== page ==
Augustine
When we say "Give us this day our daily bread," by "this day" we mean "at this time," when we either ask for that sufficiency, signifying the whole of our need under the name of bread, which is the outstanding part of it, or for the sacrament of the faithful, which is necessary at this time for attaining not so much this temporal as that eternal happiness."

John of Damascus
If the Word of God is living and powerful, and if the Lord does all things whatsoever he wills; if he said, "Let there be light", and it happened; if he said, "let there be a firmament", and it happened; ...if finally the Word of God himself willingly became man and made flesh for himself out of the most pure and undefiled blood of the holy and ever Virgin, why should he not be capable of making bread his Body and wine and water his Blood?... God said, "This is my Body", and "This is my Blood."

Tertullian (210 A.D.)
Then, again, how can they say that the flesh, which is nourished with the body of the Lord and with His blood, goes to corruption, and does not partake of life? Let them, therefore, either alter their opinion, or cease from offering the things just mentioned. But our opinion is in accordance with the Eucharist, and the Eucharist in turn establishes our opinion. For we offer to Him His own, announcing consistently the fellowship and union of the flesh and Spirit. For as the bread, which is produced from the earth, when it receives the invocation of God, is no longer common bread, but the Eucharist, consisting of two realities, earthly and heavenly; so also our bodies, when they receive the Eucharist, are no longer corruptible, having the hope of the resurrection to eternity.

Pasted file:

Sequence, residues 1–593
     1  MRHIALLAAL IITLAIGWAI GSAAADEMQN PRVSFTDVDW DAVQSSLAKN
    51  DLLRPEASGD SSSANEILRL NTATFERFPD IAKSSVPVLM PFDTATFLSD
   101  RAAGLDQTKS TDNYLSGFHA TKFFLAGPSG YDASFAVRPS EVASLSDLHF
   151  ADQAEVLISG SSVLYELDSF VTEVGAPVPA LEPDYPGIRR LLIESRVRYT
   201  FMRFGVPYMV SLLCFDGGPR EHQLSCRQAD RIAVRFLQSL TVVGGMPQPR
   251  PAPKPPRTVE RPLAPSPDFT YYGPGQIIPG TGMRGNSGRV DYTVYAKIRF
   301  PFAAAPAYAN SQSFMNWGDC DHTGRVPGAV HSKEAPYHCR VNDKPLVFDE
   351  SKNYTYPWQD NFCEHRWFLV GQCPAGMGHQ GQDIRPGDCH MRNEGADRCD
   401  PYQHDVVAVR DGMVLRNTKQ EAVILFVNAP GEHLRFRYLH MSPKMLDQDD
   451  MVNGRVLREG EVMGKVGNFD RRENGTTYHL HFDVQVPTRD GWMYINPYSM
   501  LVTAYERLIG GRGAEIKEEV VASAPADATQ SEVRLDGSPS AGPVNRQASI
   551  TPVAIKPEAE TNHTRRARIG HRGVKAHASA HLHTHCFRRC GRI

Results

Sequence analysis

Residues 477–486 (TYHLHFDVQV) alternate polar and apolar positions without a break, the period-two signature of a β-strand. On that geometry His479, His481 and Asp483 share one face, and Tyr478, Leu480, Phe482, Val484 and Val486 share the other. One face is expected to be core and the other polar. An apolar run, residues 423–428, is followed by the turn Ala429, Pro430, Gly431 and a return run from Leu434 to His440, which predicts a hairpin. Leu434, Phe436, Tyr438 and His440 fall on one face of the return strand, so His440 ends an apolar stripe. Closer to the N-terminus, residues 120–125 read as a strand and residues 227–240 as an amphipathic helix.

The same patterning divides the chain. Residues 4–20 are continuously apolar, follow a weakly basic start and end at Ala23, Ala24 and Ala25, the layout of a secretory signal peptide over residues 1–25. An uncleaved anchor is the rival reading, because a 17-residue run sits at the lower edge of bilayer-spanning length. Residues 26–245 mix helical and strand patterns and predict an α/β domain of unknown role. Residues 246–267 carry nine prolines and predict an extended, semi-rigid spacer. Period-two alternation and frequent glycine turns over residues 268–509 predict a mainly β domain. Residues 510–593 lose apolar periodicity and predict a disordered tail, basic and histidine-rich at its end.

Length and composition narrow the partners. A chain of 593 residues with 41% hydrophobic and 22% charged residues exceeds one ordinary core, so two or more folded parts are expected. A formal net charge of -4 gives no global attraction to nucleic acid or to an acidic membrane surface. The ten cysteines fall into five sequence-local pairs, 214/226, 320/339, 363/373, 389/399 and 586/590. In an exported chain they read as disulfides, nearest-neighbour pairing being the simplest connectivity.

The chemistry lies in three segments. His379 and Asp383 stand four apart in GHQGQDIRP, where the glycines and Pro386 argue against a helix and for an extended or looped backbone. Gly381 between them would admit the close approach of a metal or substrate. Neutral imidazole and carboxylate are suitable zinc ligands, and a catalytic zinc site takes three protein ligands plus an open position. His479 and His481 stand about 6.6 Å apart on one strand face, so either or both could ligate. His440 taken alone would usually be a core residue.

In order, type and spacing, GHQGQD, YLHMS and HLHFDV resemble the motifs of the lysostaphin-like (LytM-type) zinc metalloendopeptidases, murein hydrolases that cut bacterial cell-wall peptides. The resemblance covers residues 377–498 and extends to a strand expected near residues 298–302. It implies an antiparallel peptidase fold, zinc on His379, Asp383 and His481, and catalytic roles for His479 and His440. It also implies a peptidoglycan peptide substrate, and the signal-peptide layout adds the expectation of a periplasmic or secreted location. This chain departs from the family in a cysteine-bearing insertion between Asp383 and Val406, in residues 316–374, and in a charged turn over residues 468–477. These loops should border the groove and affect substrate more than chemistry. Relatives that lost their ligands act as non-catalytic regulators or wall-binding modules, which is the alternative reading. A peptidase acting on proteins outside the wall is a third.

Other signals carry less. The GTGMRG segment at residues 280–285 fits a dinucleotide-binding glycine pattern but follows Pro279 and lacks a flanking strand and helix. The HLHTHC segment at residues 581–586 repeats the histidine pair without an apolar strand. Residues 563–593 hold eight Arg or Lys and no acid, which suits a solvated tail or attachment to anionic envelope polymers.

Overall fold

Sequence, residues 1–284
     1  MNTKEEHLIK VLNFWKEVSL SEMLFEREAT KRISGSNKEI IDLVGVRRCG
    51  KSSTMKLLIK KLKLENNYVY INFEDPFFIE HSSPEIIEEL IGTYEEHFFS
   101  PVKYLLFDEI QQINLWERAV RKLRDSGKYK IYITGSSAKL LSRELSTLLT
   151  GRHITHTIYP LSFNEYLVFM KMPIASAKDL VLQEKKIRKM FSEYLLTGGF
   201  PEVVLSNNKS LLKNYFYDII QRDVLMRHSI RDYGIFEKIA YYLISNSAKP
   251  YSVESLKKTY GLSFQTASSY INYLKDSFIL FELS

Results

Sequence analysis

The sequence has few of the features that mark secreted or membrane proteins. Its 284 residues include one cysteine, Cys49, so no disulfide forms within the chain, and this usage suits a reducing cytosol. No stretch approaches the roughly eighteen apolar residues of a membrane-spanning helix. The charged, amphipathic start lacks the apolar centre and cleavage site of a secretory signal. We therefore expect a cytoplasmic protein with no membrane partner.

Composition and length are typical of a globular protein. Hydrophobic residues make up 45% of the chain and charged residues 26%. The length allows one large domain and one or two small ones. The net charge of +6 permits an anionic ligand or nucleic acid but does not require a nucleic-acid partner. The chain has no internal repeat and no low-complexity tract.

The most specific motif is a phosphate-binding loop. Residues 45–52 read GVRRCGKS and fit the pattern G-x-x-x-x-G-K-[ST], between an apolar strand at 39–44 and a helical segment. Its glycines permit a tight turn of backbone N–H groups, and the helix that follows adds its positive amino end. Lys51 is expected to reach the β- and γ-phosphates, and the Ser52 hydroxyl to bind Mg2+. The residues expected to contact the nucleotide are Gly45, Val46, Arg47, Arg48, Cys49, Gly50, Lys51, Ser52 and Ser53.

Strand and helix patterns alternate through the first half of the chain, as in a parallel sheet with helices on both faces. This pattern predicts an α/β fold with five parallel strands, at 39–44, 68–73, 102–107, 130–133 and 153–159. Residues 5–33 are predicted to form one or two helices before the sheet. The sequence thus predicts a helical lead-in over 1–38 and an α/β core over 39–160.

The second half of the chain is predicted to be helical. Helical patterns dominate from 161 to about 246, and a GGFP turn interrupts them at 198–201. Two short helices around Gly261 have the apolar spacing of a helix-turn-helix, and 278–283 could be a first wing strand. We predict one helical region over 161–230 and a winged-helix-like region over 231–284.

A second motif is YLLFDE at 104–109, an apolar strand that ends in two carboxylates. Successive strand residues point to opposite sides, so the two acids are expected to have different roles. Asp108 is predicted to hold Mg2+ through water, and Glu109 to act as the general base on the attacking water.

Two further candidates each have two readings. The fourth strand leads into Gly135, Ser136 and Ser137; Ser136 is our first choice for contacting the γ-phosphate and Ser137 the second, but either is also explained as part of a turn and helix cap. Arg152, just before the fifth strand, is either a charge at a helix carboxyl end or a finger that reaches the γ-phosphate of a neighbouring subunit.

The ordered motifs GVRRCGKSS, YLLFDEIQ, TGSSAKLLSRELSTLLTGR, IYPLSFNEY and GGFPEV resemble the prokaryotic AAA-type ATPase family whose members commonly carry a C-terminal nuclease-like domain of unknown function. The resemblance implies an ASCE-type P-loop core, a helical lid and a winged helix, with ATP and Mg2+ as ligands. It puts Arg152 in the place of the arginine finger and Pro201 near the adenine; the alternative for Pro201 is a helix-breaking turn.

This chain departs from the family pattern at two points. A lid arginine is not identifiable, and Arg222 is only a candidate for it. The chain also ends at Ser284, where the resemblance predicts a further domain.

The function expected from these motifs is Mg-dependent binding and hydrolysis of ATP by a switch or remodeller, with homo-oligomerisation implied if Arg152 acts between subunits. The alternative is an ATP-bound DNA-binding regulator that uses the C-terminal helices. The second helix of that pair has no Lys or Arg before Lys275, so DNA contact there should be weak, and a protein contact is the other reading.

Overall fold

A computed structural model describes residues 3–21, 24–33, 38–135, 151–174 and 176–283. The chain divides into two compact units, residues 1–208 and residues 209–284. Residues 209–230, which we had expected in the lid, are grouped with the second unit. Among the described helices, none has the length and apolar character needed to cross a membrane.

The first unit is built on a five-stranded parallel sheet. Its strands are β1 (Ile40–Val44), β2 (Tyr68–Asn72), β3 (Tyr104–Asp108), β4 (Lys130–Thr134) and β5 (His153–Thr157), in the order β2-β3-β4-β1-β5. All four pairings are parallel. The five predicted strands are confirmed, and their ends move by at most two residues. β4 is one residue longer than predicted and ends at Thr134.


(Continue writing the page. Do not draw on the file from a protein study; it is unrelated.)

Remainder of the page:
St John Chrysostom (c. 344 - 407 A.D.)
"So also was Christ offered once." [Hebrews 7-10] By whom was He offered? Quite evidently, by Himself. Here [Paul] shows that Christ was not Priest only, but also Victim and Sacrifice. Therein do we find the reason for the words "was offered." "He was offered once," [Paul] says, "to take away the sins of many." Why does he say of many and not of all? Because not all have believed. He did indeed die for all, for the salvation of all, which was His part....But He did not take away the sins of all men, because they did not will it....What then? Do we not offer daily? Yes, we offer, but making remembrance of His death; and this remembrance is one and not many. How is it one and not many? Because this Sacrifice is offered once, like that in the Holy of Holies. This Sacrifice is a type of that, and this remembrance a type of that. We offer always the same, not one sheep now and another tomorrow, but the same thing always. Thus there is one Sacrifice. By this reasoning, since the Sacrifice is offered everywhere, are there, then, a multiplicity of Christs? By no means! Christ is one everywhere. He is complete here, complete there, one Body. And just as He is one Body and not many though offered everywhere, so too is there one Sacrifice. (Homilies on Hebrews 17, 2[4]; 17, 3[6])